A to Z Book Survey

Author you’ve read the most books from:

Hands down, Anne McCaffery

Best Sequel Ever:

I haven’t gotten there yet, but I know it will be War and Remembrance  by Herman Wouk.

Currently Reading:

Zoo Station David Downing

Dr. Zhivago  Boris Pasternak

Rainbow Six Tom Clancy

Drink of Choice While Reading:

Well I usually read in bed at night or in the morning after I wake up on (non-football) Saturdays, but if I’m in a vertical position while I’m reading, it’s herbal tea.

E-reader or Physical Book?

¾ physical books, ¼ e-reader.

Fictional Character You Probably Would Have Actually Dated In High School:

Probably anyone but Edward Cullen. Seriously, though, I dated dorks in high school, so probably someone like Ronald Weasley.

Glad You Gave This Book A Chance:

The Winds of War by Herman Wouk. The length was a bit daunting but it’s one of the best books I’ve ever read.

Hidden Gem Book:

Can’t really think of one at the moment. Maybe The Story of Beautiful Girl  by Rachel Simon, though I don’t know if it’s a book that didn’t get its literary due.

Important Moment in your Reading Life:

Switching schools between second and third grade, and finding myself in a school where I could read whatever I wanted instead of being pigeon-holed into “grade level appropriate” books. I read my first Anne McCaffery book in third grade and had read most of Madeline L’Engel’s books by fifth grade.

Just Finished:

Good Omens Terry Prachett and Neil Gaiman

Kinds of Books You Won’t Read:

Anything with a half naked couple on the cover.

Longest Book You’ve Read:

Up to this point, The Winds of War,  (800+ pages) but once I start War and Remembrance, I’ll trump that at about 1000 pages. Long but so gorgeously written and completely worth it.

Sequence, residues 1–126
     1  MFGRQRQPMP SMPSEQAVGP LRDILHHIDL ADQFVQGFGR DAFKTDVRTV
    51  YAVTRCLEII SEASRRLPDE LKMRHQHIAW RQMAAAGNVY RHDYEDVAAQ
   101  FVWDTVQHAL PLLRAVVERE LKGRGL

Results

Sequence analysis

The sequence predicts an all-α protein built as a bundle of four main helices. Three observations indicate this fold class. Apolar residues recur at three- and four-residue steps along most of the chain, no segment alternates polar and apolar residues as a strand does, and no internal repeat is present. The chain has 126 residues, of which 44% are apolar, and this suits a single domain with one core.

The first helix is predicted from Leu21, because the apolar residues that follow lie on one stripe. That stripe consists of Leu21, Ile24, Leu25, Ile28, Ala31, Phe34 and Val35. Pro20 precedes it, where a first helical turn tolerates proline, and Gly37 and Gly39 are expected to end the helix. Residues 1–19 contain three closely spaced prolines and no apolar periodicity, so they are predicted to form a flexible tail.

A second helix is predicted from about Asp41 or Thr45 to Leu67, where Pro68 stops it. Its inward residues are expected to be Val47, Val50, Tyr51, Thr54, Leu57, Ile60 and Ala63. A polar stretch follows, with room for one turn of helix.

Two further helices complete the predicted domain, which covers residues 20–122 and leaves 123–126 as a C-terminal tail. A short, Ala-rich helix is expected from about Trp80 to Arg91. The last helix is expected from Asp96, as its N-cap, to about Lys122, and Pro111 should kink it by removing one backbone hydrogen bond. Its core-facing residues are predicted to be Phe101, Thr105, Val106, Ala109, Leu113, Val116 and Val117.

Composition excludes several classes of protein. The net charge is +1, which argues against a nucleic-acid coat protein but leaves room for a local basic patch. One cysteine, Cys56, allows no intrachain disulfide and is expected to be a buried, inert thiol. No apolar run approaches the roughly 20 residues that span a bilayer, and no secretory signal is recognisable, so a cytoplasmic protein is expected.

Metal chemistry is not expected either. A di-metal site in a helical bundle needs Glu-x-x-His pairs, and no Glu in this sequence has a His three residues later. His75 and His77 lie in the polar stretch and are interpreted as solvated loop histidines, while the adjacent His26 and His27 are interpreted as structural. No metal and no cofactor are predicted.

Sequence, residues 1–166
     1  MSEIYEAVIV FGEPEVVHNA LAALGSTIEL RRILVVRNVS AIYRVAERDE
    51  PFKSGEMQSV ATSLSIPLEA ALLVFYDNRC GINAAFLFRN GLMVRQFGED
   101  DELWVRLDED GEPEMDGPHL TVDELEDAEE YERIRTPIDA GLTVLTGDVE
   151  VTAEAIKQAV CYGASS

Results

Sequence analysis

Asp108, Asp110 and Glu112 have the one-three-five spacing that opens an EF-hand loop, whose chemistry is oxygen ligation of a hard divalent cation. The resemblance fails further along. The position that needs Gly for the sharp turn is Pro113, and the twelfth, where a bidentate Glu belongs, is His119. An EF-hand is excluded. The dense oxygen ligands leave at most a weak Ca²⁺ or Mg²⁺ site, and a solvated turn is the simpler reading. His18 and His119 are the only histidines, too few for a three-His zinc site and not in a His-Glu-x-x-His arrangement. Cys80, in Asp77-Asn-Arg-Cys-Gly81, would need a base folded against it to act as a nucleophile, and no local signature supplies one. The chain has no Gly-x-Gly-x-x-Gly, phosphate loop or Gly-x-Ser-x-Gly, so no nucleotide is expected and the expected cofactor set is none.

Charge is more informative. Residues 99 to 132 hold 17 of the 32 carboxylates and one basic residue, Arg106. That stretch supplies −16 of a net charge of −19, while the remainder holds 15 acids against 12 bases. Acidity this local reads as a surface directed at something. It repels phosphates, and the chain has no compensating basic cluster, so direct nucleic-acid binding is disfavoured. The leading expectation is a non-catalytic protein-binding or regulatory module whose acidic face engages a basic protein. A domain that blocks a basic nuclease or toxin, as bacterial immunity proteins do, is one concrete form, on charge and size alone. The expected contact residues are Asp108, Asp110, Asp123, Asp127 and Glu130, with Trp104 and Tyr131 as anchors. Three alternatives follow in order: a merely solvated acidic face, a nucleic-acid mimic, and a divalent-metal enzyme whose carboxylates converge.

Major book hangover because of:

Ok, well this takes some explanation. In the winter, my husband has to be up at 4:00 a.m. most every morning to film the team’s workouts at 6:00 a.m. He goes to bed around 9:30 most every night and instead of staying up by myself, I crawl into bed with him, fire up the Mighty Bright booklight and read for an hour and a half or so. Since I’m not tired, I don’t fall asleep and can lose track of time while I’m reading. I’ve been known to stay up until midnight or later; then, in the mornings, when I have to get up by myself, I have a book hangover and don’t want to get out of bed.

Number of Bookcases You Own:

Two small ones, so I usually donate my books to the library instead of keeping them. That being said, I don’t need a bookcase for my books anyway. I have a pile in my bedroom that is like the Leaning Tower of Pisa…and I bought three more books at a used bookstore yesterday. Citizen Hearst,  The Pillars of the Earth, and Winds of War. Just a little light reading;)

One Book You Have Read Multiple Times:

I don’t re-read books. There’s too many I want to read to repeat myself.

Preferred Place To Read:

In bed on a winter night, with the space heater going and the wind howling outside.

Quote that inspires you/gives you all the feels from a book you’ve read:

It seemed to Hazel that he would not be needing his body any more, so he left it lying on the edge of the ditch, but stopped for a moment to watch his rabbits and to try to get used to the extraordinary feeling that strength and speed were flowing inexhaustibly out of him into their sleek young bodies and healthy senses.